Sen. Amy Klobuchar wants an updated classified briefing on Russian efforts to hack U.S. election systems, given the leak of an apparent NSA report detailing a cyber assault targeting local election officials.

"While I understand that certain information must remain classified, protecting our election infrastructure requires information-sharing with the federal, state, and local officials who are responsible for overseeing and administering elections," Klobuchar, the top Democrat on the Senate Rules Committee, wrote today in a letter to national security adviser H.R. McMaster.

Klobuchar noted that the NSA document, published Monday by The Intercept, "is deeply concerning and goes beyond" the intelligence community's previous reports on Moscow's digital meddling, which described the efforts mostly in broad strokes.

Monday's disclosure set off alarm bells on Capitol Hill.

“It's clear they were trying to get into voter files,” said Missouri Sen. Claire McCaskill, the Senate Homeland Security Committee’s top Democrat, during a hearing today. “I don’t think they were going there just to hang out.”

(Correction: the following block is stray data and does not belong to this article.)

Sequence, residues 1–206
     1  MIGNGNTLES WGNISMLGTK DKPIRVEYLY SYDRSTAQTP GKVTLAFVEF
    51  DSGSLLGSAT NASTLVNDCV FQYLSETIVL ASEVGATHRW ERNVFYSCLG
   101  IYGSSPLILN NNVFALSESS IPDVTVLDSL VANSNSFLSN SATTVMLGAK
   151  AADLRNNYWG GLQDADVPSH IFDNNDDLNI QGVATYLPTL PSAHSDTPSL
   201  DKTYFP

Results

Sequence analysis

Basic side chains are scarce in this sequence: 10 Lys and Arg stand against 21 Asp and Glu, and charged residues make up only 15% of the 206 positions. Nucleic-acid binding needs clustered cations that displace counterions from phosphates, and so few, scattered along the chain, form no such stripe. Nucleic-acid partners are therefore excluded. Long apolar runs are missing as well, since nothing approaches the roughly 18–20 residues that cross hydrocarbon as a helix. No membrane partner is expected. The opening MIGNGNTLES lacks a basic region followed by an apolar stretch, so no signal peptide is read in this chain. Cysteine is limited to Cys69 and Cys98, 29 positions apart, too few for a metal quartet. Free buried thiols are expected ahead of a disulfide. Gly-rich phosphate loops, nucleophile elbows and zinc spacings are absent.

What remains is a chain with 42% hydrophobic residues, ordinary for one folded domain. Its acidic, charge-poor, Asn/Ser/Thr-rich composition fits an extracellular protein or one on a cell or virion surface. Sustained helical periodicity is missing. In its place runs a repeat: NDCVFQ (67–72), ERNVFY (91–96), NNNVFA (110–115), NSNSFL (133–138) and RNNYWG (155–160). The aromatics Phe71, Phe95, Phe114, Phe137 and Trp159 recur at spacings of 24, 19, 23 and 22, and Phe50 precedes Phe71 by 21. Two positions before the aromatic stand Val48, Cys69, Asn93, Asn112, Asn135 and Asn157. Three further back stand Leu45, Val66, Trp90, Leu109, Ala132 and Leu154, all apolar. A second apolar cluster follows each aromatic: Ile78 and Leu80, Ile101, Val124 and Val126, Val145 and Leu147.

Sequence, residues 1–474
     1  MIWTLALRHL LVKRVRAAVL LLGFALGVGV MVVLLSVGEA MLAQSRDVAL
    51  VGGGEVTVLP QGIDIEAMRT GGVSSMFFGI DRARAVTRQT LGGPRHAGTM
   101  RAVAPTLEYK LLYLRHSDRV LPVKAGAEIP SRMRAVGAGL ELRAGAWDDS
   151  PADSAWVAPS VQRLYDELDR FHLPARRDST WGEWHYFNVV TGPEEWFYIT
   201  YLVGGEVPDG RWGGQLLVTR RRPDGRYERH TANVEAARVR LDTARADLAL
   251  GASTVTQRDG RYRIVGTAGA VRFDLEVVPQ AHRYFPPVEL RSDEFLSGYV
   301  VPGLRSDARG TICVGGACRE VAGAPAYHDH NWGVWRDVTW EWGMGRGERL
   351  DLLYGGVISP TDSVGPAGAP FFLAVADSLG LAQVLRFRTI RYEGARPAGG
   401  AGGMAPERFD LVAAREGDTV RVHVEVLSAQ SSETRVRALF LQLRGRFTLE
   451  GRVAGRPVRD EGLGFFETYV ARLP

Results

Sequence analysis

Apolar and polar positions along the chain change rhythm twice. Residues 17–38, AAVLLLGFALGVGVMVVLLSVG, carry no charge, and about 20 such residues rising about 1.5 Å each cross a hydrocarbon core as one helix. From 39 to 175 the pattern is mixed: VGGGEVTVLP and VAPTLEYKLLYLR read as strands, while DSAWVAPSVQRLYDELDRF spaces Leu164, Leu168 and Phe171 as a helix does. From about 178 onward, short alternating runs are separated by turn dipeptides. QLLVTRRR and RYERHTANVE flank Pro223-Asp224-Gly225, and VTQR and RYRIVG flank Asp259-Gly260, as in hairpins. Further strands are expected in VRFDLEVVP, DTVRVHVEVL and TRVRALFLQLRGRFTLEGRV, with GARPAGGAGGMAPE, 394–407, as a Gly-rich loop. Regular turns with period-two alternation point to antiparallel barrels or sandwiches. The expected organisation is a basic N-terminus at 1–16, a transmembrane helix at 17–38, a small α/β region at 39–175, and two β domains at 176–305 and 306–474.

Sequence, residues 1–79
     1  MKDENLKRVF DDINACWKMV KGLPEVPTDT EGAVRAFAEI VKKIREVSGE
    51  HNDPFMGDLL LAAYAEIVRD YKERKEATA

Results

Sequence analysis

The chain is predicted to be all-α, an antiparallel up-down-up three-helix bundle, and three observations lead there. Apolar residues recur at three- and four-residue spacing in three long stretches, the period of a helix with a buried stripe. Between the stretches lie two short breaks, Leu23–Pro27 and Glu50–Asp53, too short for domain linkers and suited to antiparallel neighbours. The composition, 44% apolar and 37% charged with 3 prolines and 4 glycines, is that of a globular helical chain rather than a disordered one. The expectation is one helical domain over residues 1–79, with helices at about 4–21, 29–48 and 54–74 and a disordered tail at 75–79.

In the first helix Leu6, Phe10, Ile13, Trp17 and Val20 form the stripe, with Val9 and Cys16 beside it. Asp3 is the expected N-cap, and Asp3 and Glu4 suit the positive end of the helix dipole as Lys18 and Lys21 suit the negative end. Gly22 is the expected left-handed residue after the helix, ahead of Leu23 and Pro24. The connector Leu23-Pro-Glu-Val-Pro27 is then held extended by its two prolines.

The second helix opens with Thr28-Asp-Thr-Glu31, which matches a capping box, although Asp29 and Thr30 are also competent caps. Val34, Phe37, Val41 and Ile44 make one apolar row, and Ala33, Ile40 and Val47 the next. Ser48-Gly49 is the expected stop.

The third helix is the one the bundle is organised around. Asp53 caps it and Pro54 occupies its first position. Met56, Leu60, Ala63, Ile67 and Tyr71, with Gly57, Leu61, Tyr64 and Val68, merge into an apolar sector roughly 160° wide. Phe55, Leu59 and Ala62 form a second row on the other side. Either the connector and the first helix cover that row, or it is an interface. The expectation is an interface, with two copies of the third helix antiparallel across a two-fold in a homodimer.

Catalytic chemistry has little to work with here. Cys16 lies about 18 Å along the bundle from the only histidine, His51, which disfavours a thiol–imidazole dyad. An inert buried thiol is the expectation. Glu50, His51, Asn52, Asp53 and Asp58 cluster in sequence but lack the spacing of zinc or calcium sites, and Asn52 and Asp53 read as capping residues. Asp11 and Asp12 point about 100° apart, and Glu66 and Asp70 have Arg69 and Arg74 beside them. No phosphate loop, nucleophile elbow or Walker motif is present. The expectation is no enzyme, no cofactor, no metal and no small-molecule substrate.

Homeland Security Secretary John Kelly said during the hearing that he would be willing to discuss the topic in a classified setting.

Klobuchar has previously pressed the administration for more details about how it was responding to Russia's apparent hacking campaign. In February, she lead a group of 26 Senate Democrats in a letter asking the U.S. Election Assistance Commission what measures the panel is taking to protect future elections from foreign hackers.

In addition to a closed-door briefing, Klobuchar also urged McMaster to "consider making information that could be helpful to protecting critical infrastructure publicly available immediately."